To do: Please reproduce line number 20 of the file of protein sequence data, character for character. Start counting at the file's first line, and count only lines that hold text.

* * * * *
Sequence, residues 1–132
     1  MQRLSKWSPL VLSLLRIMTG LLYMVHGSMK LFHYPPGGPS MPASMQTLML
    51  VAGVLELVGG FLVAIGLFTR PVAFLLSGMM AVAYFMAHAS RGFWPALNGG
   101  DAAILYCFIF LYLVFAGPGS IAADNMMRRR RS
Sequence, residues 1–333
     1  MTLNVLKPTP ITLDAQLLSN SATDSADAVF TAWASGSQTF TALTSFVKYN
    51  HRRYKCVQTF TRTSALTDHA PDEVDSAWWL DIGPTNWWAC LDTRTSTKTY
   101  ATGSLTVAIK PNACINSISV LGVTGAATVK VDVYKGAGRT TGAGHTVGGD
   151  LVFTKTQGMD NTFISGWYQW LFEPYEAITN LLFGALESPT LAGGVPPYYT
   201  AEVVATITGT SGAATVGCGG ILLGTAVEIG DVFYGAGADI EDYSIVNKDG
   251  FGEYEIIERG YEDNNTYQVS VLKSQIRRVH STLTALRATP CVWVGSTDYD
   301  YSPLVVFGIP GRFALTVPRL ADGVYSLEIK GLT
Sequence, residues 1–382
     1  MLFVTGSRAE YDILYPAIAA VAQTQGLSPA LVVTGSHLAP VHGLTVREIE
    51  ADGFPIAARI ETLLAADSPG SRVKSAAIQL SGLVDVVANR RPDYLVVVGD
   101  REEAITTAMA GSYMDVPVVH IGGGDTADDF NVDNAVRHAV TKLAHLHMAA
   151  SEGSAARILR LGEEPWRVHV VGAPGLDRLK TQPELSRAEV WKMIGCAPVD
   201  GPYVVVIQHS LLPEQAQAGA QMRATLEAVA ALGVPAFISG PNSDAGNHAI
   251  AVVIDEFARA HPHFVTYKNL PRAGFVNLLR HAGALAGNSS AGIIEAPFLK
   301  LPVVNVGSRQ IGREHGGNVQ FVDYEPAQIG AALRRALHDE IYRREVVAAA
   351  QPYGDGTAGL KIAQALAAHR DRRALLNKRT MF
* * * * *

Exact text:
   301  LPVVNVGSRQ IGREHGGNVQ FVDYEPAQIG AALRRALHDE IYRREVVAAA